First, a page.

Q: There's been piloting of outcome-based pricing programs in recent years where it would guarantee a certain metric like a certain yield if it followed agronomic recommendations. Is that something Bayer is still working towards?
A: I'm very passionate to that opportunity. Let me give you an example that's coming from the digital side of our business with FieldView. You meet with the farmer and you say based on our data and our science, you should use 10,000 more seeds per acre. And the farmer says, 'I'm not sure if I should take that risk or not.' And then you offer this outcome-based model: Use this prescriptive seed rating that we are recommending with these hybrids. If you get the extra yield as a result, you pay us for this extra seed. That's a win-win situation. The farmer is getting the return on investment. And for us, it's a great deal as well because we're helping them to get higher yields and we are confident on the data that we have to support that.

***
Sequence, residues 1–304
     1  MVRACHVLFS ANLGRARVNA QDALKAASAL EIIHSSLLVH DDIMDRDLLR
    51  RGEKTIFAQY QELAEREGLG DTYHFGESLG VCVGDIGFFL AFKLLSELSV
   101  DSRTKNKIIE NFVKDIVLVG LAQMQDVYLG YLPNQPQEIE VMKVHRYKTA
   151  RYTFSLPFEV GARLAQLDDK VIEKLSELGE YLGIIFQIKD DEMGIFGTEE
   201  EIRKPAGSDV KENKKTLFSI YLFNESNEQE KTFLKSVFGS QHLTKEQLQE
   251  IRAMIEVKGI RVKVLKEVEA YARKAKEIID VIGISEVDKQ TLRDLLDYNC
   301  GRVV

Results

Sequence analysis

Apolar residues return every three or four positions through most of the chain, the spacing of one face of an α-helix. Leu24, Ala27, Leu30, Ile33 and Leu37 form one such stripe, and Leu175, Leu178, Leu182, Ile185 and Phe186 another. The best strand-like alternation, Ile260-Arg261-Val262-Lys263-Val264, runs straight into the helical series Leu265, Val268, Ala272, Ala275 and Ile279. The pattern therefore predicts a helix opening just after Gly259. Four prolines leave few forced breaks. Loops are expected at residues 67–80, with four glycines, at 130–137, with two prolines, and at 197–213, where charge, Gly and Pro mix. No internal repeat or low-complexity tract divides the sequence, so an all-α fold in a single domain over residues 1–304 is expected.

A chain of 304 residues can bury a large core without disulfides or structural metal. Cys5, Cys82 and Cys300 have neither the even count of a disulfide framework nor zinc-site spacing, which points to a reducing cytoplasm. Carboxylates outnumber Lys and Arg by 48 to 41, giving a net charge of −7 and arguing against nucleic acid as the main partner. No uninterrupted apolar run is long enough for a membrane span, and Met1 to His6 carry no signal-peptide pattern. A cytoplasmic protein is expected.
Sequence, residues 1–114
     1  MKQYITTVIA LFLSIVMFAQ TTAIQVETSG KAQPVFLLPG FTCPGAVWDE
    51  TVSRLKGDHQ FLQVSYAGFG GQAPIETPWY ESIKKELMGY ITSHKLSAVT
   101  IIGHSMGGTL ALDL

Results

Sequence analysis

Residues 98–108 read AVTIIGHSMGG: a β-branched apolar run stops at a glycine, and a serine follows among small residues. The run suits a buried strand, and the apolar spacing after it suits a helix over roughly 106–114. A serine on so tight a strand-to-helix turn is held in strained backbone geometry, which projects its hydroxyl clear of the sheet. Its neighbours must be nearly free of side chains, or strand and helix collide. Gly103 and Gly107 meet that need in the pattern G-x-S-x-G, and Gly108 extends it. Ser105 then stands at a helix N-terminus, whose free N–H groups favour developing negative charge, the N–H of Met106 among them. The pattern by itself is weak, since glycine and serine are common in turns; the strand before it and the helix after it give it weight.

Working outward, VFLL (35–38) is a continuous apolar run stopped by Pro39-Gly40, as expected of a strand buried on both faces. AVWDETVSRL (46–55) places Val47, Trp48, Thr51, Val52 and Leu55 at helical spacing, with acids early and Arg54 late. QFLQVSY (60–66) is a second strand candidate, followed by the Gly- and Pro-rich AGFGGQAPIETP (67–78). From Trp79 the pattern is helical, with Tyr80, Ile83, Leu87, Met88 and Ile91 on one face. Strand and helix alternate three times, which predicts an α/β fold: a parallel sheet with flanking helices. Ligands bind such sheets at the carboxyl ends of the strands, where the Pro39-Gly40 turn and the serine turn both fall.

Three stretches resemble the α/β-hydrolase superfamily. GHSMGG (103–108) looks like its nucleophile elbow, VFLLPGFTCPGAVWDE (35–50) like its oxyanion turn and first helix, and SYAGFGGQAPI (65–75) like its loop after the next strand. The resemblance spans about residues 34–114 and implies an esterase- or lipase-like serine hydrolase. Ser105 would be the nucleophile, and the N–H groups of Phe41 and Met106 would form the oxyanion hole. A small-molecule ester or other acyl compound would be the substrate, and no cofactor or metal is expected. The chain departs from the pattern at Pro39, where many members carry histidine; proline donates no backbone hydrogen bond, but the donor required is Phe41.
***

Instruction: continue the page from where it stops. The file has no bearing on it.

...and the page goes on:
We're testing five pilots here in the U.S. Risk sharing, as the example that I just explained. Some others that we have include profit sharing based around what is going to be yield above what we expected. We'll share a little more information as we test these models. And again, that goes back to my farmer centric approach. For every farmer, there will be a different approach. And that's the beauty of that system. But I like it a lot.
Q: As you look at what's been happening in the world over the past few years, there's the pandemic, food security issues, supply issues, for example. What lessons have you taken away from that and applied to Bayer as you move forward?